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Discussion on: 9 Evil Bash Commands Explained

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I wonder if 7. is actually that bad. If everyone can do everything everywhere, you (being a user among everyone) should have write access to everything as well, in particular all access properties, so you can set everything back to what it's supposed to be, although admittably you'll be busy for a while. The only risk is if you have some background process that messes with everything it gets access to, which is unlikely on a Linux and not sure if the command works under WSL.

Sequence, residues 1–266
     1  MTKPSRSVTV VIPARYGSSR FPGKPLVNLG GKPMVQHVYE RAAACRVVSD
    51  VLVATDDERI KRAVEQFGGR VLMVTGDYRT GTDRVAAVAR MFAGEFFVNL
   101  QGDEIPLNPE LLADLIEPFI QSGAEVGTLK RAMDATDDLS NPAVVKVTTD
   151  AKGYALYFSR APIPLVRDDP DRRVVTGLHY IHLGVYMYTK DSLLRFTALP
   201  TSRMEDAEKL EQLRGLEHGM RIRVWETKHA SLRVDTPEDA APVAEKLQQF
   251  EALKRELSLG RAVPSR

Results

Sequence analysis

For 8, I don't really see how it would hurt if root owns everything. Isn't that even a common pattern on certain server types?

I'm surprised that 9 is a thing, would've expected fsck to be smart enough to keep encryption apart from an actual mess (although arguably, it can be considered such in case of a ransomware attack, but that's nothing that can be fixed automatically anyway).